More than 500 children relied on Wrexham's foodbank over the last six months.

Between April 1 and September 30, 1,783 three day emergency food supplies were provided to local people in crisis by Wrexham Foodbank. 

Of this number, 529 went to children. 

The foodbank, a member of The Trussell Trust’s network which has reported an increase in UK foodbank use, believes the local increase is due to people struggling with continued issues with benefit payments, Universal Credit roll out in the area and low wages.

In the months leading to Christmas a number of factors, such as cold weather and high energy bills, or foodbanks and referral agencies ensuring that people who are likely to hit crisis have food ahead of Christmas Day, mean The Trussell Trust’s foodbank network traditionally sees a spike in foodbank use.

Wrexham Foodbank is asking the community to help them prepare for their busiest time of year by donating finance (via post or Paypal on their website) or urgently needed food items such as tinned meat, tinned fruit, tinned rice pudding, tinned tomatoes, coffee and biscuits.

Wrexham Foodbank staff say they share the concerns of other Trussell Trust foodbanks in full Universal Credit rollout areas about the issues people referred to the charity have experienced with the new system.

The six-plus week waiting period for a first payment can contribute to debt, mental health issues and rent arrears.

The effects of these can last even after people receive their Universal Credit payments, as bills and debts pile up, they say.

Wrexham Foodbank is working hard to help prevent local people affected going hungry but is troubled by the extra pressure this puts on food donation stocks and volunteers’ capacity.

Sally Ellinson, foodbank manager, said: “It’s really worrying that we are still seeing an increase in need for emergency food across Wrexham.  

“Every week people are referred to us after something unavoidable - like illness, a delayed benefit payment or an unexpected bill - means there’s no money for food.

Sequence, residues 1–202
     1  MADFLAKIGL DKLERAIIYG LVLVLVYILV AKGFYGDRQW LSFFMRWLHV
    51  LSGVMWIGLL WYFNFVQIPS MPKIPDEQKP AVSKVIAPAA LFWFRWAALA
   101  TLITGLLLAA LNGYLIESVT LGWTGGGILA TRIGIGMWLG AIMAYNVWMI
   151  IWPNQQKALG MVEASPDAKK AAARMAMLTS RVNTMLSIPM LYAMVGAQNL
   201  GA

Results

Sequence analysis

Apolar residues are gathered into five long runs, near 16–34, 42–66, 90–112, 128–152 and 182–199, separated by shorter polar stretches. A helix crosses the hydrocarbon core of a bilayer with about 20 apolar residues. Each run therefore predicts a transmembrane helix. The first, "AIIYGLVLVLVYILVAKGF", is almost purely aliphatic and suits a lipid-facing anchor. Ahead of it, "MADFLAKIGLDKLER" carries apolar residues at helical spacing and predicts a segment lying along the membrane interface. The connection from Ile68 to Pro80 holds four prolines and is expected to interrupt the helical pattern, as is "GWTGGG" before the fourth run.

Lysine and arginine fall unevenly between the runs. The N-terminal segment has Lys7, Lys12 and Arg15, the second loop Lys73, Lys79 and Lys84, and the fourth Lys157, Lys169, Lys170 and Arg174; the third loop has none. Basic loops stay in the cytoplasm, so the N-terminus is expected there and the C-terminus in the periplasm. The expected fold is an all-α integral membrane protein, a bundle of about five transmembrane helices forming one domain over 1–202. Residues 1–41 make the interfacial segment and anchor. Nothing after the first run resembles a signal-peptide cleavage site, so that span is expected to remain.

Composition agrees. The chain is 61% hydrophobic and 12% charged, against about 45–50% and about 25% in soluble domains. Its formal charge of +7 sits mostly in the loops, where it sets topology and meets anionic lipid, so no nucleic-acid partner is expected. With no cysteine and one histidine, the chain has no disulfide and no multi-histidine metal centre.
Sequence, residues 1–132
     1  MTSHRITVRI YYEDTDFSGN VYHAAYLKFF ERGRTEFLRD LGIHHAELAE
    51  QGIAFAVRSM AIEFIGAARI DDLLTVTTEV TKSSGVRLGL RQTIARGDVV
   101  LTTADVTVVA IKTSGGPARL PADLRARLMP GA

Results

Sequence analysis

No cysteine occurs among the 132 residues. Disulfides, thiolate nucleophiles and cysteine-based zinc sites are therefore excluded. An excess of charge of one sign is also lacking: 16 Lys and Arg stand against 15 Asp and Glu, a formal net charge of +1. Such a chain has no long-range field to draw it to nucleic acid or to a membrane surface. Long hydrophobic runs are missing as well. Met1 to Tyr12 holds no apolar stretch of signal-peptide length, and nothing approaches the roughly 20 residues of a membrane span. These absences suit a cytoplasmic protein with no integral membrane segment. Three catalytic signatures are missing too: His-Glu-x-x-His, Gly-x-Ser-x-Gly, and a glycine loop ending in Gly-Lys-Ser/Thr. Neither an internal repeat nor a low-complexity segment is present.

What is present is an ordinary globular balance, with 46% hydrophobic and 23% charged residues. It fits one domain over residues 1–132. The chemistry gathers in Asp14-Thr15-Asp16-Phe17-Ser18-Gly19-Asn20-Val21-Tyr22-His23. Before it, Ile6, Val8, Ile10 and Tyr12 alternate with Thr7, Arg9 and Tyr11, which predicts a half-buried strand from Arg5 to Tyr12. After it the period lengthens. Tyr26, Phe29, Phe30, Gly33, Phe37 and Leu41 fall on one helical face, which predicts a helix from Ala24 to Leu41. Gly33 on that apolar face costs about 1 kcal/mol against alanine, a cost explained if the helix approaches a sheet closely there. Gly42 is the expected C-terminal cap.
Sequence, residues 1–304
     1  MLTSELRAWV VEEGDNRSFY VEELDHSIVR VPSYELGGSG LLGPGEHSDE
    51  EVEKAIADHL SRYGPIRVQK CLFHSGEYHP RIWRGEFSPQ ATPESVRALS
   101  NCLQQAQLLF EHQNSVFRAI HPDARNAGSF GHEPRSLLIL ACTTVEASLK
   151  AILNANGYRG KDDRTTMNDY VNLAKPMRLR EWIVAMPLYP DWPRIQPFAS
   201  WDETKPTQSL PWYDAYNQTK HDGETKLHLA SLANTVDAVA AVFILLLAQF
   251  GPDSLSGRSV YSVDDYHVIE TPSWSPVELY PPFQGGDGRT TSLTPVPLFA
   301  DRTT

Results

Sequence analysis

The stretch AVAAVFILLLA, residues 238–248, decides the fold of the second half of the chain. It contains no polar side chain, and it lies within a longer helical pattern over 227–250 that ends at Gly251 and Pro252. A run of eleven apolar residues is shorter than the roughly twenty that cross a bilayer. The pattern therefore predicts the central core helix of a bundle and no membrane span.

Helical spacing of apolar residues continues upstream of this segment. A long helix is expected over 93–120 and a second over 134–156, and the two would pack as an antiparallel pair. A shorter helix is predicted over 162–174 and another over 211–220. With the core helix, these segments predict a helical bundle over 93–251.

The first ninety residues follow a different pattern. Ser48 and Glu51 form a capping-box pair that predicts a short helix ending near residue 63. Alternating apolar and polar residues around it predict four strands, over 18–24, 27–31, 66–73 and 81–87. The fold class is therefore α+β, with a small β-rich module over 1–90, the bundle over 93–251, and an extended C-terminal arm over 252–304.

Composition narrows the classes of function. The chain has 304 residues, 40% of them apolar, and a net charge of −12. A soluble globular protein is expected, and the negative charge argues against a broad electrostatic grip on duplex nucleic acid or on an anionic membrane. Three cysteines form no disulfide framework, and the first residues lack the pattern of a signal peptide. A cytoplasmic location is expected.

”It’s only with local people’s help that we’re able to provide vital support when it matters most, and whilst we hope one day there’ll be no need for our work, until that day comes we’ll be working hard to help prevent people going hungry.

”Thank you so much to everyone who already donates time, food and money to help local people. If you’re not already involved, we’d love to hear from you.”

Mark Ward, interim chief executive at The Trussell Trust, said: “We’re seeing soaring demand at foodbanks across the UK.

”Our network is working hard to stop people going hungry but the simple truth is that even with the enormous generosity of our donors and volunteers, we’re concerned foodbanks could struggle to meet demand this winter if critical changes to benefit delivery aren’t made now.

”People cannot be left for weeks without any income, and when that income does come, it must keep pace with living costs – foodbanks cannot be relied upon to pick up the pieces.

”Without urgent action from policy-makers and even more generous practical support from the public, we don’t know how foodbanks are going to stop families and children going hungry this Christmas.”

The running costs for the foodbank are raised locally to enable them to continue their work.

Costs include renting warehouse space, to sort and stock donated food and other overheads like utilities and insurances.

The foodbank welcomes any new offers of help with funding – local businesses, organisations and individuals interested in supporting the foodbank’s work can find out more at